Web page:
Unlike the beavertail on the BC Pannier/Duffle, this smaller beavertail will have bellows on the side to keep smaller items contained.
Here’s the two-compartment system we came up with to divide the vertical space of the bag into a more organized layout. Each of these compartments will then be loaded up with tons of small-item horizontal storage options.
Another idea from advrider was to have internal bags that clip in/out for additional organization and storage. For example, an organizational feature like this tool roll could roll up and clip inside the bag, then deploy down the side of the gas tank for easy access to the contents.
One big question still remains: how to make it waterproof. We cut a plastic bag to simulate a rain cover and tried to figure out where it would be stored and how it would unfurl and attach to be truly waterproof but not be a pain in the ass to use. Btw, you can see the built-in backpack straps in this pic as well.
We’re hoping to sort out a way for this bag to easily switch between a tank bag and tail bag. I’ve been wanting a dedicated tail bag for tools/tubes on day trips for a while now. I keep waiting for us to get around to it, but realistically it’s still a ways off, so I may have to buy someone elses in the meantime. If the tank bag could work as both, that would be rad.
We also messed around with some initial concepts for a smaller tank bag. Andrew has this prototype of one of the ugliest bags I’ve ever seen, but feature-wise it’s kind of cool, because it’s a hip sack that converts into a backpack.
We just wanted to use it for estimating the size of a smaller tank bag – we liked this approximate size – but the expanding backpack feature was intriguing as well. I like bags/gear that can do multiple things. The term “dualsport” could just as easily be applied to gear as well as bikes. The more dual-purpose everything is, the less gear we need to pack.
Also, on the topic of new bags, here’s a sketch of a new MOLLE bag Andrew has been working on for tools and/or toiletries. Labeled the “Tooletry Kit.” Ha!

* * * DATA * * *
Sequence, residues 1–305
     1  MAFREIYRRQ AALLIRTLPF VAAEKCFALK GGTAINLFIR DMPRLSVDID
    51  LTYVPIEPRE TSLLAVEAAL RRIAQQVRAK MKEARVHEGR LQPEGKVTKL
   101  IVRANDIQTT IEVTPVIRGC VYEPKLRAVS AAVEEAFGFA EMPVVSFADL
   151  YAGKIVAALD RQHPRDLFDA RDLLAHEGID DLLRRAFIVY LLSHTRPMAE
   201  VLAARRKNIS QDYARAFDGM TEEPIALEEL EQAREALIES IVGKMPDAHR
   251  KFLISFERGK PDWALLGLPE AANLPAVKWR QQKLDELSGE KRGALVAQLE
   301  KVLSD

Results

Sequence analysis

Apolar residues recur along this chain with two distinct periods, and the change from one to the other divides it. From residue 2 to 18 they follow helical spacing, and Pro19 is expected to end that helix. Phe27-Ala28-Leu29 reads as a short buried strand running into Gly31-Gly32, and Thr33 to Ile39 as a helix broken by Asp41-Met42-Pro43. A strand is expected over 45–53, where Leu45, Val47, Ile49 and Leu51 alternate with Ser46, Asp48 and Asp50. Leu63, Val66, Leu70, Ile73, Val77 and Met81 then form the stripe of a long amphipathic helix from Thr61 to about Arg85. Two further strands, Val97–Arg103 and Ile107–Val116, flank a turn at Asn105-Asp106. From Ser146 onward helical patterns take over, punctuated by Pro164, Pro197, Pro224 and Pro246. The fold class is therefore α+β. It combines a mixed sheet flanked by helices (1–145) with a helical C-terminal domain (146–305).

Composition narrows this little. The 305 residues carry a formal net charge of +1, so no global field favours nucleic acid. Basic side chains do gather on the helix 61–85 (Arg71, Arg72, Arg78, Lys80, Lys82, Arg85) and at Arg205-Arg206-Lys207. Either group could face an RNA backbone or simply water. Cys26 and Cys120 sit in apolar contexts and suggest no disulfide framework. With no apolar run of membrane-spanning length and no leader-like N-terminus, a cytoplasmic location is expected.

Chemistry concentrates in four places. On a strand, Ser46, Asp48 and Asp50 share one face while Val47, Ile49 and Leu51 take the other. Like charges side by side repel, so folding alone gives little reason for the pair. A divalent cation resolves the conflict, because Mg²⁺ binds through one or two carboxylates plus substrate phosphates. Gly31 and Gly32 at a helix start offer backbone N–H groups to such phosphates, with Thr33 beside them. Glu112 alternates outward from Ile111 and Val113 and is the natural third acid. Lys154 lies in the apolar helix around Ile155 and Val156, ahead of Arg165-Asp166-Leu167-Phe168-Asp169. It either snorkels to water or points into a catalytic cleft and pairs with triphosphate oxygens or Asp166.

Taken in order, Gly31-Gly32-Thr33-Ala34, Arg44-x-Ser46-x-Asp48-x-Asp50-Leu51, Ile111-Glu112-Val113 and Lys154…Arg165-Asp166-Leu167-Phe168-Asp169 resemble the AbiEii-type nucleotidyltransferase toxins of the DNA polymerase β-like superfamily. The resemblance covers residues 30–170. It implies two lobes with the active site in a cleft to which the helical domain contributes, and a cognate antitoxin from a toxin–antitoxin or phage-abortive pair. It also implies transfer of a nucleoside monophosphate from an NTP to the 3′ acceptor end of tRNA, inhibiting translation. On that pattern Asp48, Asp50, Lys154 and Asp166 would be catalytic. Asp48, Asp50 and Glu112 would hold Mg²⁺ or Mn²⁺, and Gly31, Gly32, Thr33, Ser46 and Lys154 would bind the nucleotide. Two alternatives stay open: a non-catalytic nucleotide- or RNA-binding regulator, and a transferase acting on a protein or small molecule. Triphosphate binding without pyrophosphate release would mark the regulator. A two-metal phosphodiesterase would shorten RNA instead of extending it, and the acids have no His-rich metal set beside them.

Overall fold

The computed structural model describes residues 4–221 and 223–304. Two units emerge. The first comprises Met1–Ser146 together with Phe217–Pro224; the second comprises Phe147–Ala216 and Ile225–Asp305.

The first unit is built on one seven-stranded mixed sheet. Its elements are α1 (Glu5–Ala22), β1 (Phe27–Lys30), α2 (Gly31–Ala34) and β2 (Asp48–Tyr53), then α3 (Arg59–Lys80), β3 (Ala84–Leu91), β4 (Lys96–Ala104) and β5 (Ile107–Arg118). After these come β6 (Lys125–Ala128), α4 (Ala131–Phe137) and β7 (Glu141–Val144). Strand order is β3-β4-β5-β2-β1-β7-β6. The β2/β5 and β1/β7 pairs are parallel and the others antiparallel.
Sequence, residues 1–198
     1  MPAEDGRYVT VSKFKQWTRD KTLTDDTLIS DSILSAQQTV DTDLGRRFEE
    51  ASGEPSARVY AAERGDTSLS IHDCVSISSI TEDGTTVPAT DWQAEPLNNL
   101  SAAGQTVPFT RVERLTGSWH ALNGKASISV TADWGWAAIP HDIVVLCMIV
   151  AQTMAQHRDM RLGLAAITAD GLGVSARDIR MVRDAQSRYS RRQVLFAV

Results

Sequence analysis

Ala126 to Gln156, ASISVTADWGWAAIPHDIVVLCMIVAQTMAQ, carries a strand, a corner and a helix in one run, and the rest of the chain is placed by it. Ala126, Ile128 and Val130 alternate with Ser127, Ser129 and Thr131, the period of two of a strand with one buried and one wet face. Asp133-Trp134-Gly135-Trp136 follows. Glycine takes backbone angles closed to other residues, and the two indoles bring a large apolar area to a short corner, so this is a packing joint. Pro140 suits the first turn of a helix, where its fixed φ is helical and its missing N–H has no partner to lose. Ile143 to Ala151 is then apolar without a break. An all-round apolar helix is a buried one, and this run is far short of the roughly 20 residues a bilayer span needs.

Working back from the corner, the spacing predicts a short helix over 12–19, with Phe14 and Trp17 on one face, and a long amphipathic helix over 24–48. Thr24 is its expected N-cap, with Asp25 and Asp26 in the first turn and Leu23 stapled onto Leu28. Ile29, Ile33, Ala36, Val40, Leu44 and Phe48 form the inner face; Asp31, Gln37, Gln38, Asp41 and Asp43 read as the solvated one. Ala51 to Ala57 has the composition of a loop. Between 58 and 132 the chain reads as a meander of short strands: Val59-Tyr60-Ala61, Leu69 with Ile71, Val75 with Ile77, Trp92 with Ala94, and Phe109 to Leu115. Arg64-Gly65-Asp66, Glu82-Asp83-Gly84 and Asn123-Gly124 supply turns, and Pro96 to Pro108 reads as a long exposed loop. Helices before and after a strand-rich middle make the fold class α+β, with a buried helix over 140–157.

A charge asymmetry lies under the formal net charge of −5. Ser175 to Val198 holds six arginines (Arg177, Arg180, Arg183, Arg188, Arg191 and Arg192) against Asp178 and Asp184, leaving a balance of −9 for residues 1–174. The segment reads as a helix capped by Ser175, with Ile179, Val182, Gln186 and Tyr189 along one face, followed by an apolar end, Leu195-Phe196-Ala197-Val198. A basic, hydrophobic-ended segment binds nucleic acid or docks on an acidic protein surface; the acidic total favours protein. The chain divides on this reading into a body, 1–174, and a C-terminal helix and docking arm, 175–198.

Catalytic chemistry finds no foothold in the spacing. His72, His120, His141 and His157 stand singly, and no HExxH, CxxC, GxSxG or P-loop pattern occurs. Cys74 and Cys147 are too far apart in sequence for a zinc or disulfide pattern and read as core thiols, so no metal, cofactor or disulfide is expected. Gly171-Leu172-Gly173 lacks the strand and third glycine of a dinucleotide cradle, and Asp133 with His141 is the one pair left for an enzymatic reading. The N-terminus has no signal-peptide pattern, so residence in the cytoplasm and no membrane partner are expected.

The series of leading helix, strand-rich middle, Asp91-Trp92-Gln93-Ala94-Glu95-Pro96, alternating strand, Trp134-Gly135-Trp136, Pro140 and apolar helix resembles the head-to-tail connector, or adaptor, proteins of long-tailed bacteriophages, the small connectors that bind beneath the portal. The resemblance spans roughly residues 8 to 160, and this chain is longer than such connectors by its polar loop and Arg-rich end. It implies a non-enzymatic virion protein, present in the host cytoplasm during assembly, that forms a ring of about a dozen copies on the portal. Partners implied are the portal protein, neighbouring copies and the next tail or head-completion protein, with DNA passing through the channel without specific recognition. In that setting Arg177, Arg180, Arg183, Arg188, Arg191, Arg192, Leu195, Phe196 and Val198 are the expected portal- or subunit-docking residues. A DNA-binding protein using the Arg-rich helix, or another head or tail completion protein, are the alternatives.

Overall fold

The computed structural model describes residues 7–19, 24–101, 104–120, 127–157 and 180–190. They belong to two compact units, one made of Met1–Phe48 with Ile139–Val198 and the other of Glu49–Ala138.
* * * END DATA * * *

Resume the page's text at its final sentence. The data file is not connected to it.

Dave Wachs, co-founder of Giant Loop and designer of the Hemispheres bag, stopped by for a visit last week. It was really cool to meet him after seeing so many of his products and reading his ride reports on advrider over the years. Man what a cool guy. He really knows – and lives – this sport. Dave, if you’re reading this, let’s go riding!
We also had lunch with Pat Frodel, formerly VP of Sales & Marketing at DaKine. He spent 20+ years at DaKine, growing it from a startup into a major brand, before the company was sold to Billabong. Andrew and Pat worked together for many years at DaKine. Pat’s happily retired and spending a lot of time in Baja now. He’s a wealth of information on the action-sport & outdoor industries.
I’ve been riding with our apparel prototypes for the last several weeks and scribbling revision notes in my notebook as I go. Finally got to meetup with Galen and hand these revisions off to him. Galen, however, was on his way out the door for a moto trip in Africa so that’s going to delay things a few more weeks until he gets back.
The fabric selection issue continues to be a huge thorn in our side with the apparel. Getting these big name-brand fabric companies to pay us any attention at all is extremely difficult. If anyone has any ideas on how to change that, they’d be very much appreciated.
The first round of BMW adapters shipped a few weeks ago – these were just prototypes, they went to some customers who had been waiting a really long time – and we got some feedback and improvement suggestions. We have 40 more sets on order and in production right now. They’re more expensive than we thought. Looks like the pricing will be closer to $100 as opposed to the original $50 we were hoping for. The good news, however, is that they work. Lee will take over this project as soon as he comes on board. Maybe he can help us redesign them and get the cost down.